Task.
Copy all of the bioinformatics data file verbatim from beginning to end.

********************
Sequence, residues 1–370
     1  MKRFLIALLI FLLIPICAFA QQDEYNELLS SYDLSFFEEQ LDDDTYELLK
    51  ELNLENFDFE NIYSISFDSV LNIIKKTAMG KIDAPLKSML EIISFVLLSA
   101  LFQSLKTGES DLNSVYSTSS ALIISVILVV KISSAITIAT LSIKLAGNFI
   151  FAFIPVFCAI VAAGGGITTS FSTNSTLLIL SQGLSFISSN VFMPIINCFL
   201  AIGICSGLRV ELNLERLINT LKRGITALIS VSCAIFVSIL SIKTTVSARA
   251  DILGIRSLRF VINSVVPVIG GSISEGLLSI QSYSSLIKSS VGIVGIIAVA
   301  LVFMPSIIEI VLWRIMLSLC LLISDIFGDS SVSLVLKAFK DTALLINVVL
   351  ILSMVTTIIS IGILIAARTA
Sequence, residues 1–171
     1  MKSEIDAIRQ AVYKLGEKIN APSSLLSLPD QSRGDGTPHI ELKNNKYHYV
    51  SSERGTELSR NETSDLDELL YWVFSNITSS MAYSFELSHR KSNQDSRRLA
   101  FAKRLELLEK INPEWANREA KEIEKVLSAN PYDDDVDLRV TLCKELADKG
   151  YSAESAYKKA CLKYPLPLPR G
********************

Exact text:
Sequence, residues 1–370
     1  MKRFLIALLI FLLIPICAFA QQDEYNELLS SYDLSFFEEQ LDDDTYELLK
    51  ELNLENFDFE NIYSISFDSV LNIIKKTAMG KIDAPLKSML EIISFVLLSA
   101  LFQSLKTGES DLNSVYSTSS ALIISVILVV KISSAITIAT LSIKLAGNFI
   151  FAFIPVFCAI VAAGGGITTS FSTNSTLLIL SQGLSFISSN VFMPIINCFL
   201  AIGICSGLRV ELNLERLINT LKRGITALIS VSCAIFVSIL SIKTTVSARA
   251  DILGIRSLRF VINSVVPVIG GSISEGLLSI QSYSSLIKSS VGIVGIIAVA
   301  LVFMPSIIEI VLWRIMLSLC LLISDIFGDS SVSLVLKAFK DTALLINVVL
   351  ILSMVTTIIS IGILIAARTA
Sequence, residues 1–171
     1  MKSEIDAIRQ AVYKLGEKIN APSSLLSLPD QSRGDGTPHI ELKNNKYHYV
    51  SSERGTELSR NETSDLDELL YWVFSNITSS MAYSFELSHR KSNQDSRRLA
   101  FAKRLELLEK INPEWANREA KEIEKVLSAN PYDDDVDLRV TLCKELADKG
   151  YSAESAYKKA CLKYPLPLPR G